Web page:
To release the hostages, Israel will have to give up some of its achievements so far, and it is important to decide what Israel can give up. To the best of my assessment, it should be forbidden to relinquish control of the Philadelphi corridor until all the crossing tunnels between Rafah and Egypt are exposed and destroyed, and Hamas or other hostile forces should be forbidden from entering the security zone alongside the perimeter.

So, what can be done to free the hostages? Maybe temporarily give up the Netzarim corridor (leaving the capability for a future reentry if required), and perhaps also dilute some of the forces in the perimeter, but not completely.

Israel must retain, looking forward to the next negotiation phase and the “day after,” the capability to have full security control in Gaza and full freedom of action, entering and staying deep in the territory to immediately deal with any terror threats and attempts to rebuild Hamas’ capabilities that will threaten Israeli communities.

Quotes like the one that appeared in The New York Times last week: “Israel can even allow the continuation of Hamas’ governance in Gaza to release the hostages,” are irresponsible, and they are certainly not the opinion of the political echelon. Despite the reporters’ views, this is most likely not the opinion of a vast majority of the security echelon, and it will lead to the opposite result.

The challenge in the north remains the most complex one, and it is connected to the Gaza situation and to the Iranian axis. Hezbollah is indeed in a dilemma, in light of the severe blows it has suffered, the elimination of many of its leaders and capabilities, the destruction seen in Gaza and southern Lebanon, and its reluctance to turn Lebanon into Gaza. But make no mistake, Hezbollah has the full ability and desire to harm the Israeli home front over a long period.

To return the Israeli residents safely to their homes in the northern communities, a wider war against Hezbollah will probably be postponed under a southern deal, and it will enable the IDF to arrive more prepared. Reaching an agreement that Hamas will accept might enable Hassan Nasrallah (the Secretary-General of Hezbollah) to declare “victory” while helping his “Hamas brothers” and postpone the war in the north, even if Nasrallah will have to compromise on removing his forces from the border. It is important to understand that the northern residents can be guaranteed the removal of Radwan forces from closely watching their homes alongside the border. Still, there is no way to ensure the removal of the direct fire (anti-tank and similar) threats from the missile-loaded houses based in the Lebanese villages, which will remain near the border and within firing range.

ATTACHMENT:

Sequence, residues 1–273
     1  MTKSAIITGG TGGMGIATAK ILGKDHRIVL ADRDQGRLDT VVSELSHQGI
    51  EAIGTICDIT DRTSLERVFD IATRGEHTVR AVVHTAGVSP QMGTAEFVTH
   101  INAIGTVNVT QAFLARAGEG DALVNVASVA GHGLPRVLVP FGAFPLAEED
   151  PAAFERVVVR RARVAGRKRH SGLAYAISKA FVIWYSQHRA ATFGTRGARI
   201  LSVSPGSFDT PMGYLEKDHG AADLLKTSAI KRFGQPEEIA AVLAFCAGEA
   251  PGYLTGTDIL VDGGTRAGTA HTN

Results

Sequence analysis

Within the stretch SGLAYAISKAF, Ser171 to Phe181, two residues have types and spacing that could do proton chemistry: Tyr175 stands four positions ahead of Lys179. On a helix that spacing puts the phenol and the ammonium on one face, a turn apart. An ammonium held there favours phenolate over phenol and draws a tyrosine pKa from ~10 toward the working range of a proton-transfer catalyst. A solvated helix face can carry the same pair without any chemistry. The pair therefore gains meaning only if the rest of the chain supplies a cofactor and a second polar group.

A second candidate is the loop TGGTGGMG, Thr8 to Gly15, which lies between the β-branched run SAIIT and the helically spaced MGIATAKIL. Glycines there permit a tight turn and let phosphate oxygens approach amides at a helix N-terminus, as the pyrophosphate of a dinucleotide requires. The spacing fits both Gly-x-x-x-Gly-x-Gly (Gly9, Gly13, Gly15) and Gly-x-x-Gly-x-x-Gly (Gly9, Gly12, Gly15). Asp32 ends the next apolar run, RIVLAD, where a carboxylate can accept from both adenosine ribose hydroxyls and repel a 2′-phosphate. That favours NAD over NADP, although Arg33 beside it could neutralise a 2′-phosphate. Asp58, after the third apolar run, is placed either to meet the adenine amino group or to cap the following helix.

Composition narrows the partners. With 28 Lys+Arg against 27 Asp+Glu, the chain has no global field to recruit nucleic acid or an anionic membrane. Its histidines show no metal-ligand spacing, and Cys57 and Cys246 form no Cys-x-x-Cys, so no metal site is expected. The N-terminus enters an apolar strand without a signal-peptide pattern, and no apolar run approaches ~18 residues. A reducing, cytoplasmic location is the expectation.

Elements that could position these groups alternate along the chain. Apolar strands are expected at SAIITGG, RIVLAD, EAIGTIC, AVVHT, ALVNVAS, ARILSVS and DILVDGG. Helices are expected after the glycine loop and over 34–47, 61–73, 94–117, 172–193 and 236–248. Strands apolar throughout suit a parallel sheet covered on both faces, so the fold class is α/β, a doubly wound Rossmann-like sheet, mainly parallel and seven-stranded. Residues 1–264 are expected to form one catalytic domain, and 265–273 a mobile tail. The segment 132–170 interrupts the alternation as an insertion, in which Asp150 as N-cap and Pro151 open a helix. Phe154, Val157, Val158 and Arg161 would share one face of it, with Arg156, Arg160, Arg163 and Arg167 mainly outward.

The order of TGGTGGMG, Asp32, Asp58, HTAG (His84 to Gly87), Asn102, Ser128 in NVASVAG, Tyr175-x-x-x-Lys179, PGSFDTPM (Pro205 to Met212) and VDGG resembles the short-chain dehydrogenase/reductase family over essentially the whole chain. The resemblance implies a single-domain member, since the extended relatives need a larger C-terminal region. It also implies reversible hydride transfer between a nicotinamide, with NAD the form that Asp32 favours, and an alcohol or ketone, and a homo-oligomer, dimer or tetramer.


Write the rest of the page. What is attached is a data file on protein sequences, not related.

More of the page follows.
In addition, the Iranian desire to break out to a nuclear weapon has not changed, and it remains Israel’s main existential threat. Ayatollah Ali Khamenei’s desire to continue developing a mass destruction war to build his weapon didn’t change. Israel’s emphasis must now be on preventing Iranian weaponization efforts and on weakening the regime. As a second priority, Israel should continue its work on enrichment, especially against Iran’s covert underground facilities.

An American/Israeli/Saudi agreement, including an important normalization, the US November elections, the economic challenges, and Israel’s internal struggles and disagreements, must now be pushed aside. Israel must concentrate on completing its mission in Gaza and maybe reach a deal that will bring back home the hostages, but not at any price, strive for a solution in the north, even temporarily, that will return the residents to their homes before September 1, and if not, to launch a broad but short war, because it is impossible to continue the current situation in the north. At the same time, Israel should do all it can to prevent Iran’s ambitions to take advantage of the opportunity and to break for a nuclear bomb.

Brig. Gen. (res.) Prof. Jacob Nagel is a Senior Fellow at the Foundation for Defense of Democracies (FDD) and a professor at the Technion. He served as the National Security Advisor to Prime Minister Benjamin Netanyahu and as the head of the National Security Council (acting).